Local college/university presidents plan to spent $146M in federal COVID-19 relief money helping students stay in school
Tuition assistance, pandemic-related expenses and technology accessibility are among the things colleges and universities in the 6th and 11th congressional districts plan to use the combined $146 million they’ve received under the federal American Rescue Plan Act.
Several local school leaders, joined by U.S. Reps. Sean Casten, D-Downers Grove, and Bill Foster, D-Naperville, gathered Friday to discuss how the funding will help them cover expenses and programs tied to the pandemic.
“It would have been unacceptable to let these institutions and their students buckle under the serious financial strain of the COVID-19 pandemic,” Foster said during the virtual event. “Our colleges and universities are essential to preparing students for building back up every economy and a stronger world after COVID.”
President Joe Biden’s American Rescue Plan stimulus funding included more than $36 billion in emergency grants for post-secondary schools to provide emergency financial aid to students and institutional support for continuing operations in a pandemic. It is the third round of aid given to colleges and universities since last year.
Locally, this included:
- $36.5 million for College of DuPage;
- $6.5 million for North Central College;
- $13.7 million for Aurora University;
- $13.5 million for Waubonsee Community College;
- $17.5 million for Elgin Community College.
College of DuPage will allocate $18.5 million of its share for tuition assistance, school President Brian Caputo said. They’ll also be using some of it to pay for COVID-19-related they’ve incurred, he said.
“Some of the rules relating to this third wave of stimulus money are still being worked out,” Caputo said. “Consequently, we’re sort of holding back on exactly what the parameters will be (using) but we expect they will be similar to the two prior structures, that is, some sort of need-based formula.”
Naila Sabahat, College of DuPage Board’s student trustee, said some students are experiencing tough financial difficulties and are being forced to make hard decisions, such as whether to stay in school or find a second jobs to help pay tuition.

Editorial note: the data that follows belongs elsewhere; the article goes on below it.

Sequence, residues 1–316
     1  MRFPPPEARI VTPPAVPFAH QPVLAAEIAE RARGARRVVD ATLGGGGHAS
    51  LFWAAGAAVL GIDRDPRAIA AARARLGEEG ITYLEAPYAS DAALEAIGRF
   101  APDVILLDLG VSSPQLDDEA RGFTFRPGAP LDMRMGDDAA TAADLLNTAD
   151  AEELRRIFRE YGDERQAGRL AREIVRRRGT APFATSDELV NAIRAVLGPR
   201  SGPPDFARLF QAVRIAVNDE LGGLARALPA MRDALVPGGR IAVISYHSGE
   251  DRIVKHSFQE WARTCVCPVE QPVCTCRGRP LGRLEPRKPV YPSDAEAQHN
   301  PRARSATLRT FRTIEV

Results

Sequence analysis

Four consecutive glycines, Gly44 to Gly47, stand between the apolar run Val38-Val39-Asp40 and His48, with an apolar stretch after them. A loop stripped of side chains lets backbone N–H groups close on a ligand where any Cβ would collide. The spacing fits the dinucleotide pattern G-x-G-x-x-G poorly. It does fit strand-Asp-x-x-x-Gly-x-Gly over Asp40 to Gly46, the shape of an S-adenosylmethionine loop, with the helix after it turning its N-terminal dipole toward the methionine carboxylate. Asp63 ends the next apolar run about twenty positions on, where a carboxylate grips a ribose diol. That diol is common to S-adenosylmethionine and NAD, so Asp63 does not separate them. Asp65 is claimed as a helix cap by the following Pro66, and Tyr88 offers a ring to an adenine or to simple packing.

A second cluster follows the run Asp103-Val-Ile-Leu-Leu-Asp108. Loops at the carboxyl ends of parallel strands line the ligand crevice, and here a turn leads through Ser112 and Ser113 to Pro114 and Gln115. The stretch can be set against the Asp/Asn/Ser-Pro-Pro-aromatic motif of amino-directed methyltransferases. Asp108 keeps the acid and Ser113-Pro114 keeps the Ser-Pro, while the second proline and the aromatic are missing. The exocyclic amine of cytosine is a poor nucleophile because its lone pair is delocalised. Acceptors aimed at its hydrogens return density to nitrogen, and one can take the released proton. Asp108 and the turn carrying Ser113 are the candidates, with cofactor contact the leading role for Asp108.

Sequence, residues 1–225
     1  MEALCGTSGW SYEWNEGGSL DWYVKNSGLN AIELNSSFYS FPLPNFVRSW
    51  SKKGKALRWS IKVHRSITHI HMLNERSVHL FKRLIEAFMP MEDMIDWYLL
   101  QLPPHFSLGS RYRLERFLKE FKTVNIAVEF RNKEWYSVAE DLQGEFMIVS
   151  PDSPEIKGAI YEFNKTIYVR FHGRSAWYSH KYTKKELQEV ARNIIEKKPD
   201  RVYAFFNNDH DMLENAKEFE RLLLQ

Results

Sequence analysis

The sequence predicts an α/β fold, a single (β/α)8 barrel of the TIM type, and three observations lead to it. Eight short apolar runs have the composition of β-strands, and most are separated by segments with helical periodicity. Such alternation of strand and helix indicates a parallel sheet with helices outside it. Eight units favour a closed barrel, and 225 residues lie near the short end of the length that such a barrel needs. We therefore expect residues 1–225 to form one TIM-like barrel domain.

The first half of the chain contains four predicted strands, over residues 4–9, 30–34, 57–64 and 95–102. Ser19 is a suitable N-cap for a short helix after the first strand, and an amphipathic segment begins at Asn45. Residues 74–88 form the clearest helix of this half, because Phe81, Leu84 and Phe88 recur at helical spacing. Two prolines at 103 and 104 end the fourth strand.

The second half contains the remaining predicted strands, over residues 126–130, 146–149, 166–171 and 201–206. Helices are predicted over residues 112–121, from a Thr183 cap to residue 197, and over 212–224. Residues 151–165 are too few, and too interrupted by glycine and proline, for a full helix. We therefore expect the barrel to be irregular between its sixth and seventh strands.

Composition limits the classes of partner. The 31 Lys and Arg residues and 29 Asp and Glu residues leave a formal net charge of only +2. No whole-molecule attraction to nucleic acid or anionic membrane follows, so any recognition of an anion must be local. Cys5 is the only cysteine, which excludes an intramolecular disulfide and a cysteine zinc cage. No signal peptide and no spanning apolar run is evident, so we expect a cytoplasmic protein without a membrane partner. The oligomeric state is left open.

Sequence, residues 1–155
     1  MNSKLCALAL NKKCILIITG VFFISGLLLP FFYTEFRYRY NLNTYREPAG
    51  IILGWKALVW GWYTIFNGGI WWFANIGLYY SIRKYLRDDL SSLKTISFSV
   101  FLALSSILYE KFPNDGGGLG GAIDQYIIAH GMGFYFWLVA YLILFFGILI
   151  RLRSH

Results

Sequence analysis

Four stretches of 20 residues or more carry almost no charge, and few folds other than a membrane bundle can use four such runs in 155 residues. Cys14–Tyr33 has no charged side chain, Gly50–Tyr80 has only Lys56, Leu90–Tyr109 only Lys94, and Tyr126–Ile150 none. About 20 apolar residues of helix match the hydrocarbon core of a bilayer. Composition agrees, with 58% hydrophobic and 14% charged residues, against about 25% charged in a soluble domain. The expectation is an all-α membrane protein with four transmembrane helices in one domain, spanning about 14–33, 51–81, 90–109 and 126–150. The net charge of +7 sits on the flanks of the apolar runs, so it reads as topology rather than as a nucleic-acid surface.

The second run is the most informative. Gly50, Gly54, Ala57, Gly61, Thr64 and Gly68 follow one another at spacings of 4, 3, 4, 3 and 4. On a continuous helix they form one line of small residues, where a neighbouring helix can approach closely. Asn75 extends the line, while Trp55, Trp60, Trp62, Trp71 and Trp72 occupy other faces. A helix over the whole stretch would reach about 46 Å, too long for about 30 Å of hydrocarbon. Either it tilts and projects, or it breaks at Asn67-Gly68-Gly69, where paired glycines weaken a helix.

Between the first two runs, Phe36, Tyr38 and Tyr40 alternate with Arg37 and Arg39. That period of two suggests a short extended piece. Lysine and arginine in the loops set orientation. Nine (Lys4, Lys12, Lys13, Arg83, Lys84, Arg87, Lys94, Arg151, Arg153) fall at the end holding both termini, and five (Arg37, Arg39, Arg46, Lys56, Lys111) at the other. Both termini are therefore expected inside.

“We are grateful as students and as an institution for this additional funding. It will play a huge role in the future of our students,” Sabahat said.
David Sam, president of Elgin Community College, welcomed the looser requirements for American Rescue Plan dollar recipients.
“More students than ever before can receive these funds,” Sam said. “During the first two rounds, we identified students who needed funds but because of the restrictions we were not able to help.”
ECC students will receive information soon as to how they can apply for money, he said.
“Direct emails to them, phone calls for those who qualify, things on our Facebook and our Twitter and everything — students will know,” Sam said.
At Waubonsee Community College, funds will be used to retain students and help them graduate as well as “reenergize those students who have taken a break or stepped out, if you will, during the pandemic due to many financial barriers,” President Christine Sobek said.
Previous COVID-19 emergency funding provided money to help more than 2,800 Waubonsee students purchase notebook computers, hotspots, cameras and other software or hardware. Sobek said they plan to continue this type of program.
“This amazing federal funding and support we’ve received has allowed us to provide support to so many deserving students and their families during these unprecedented times,” she said.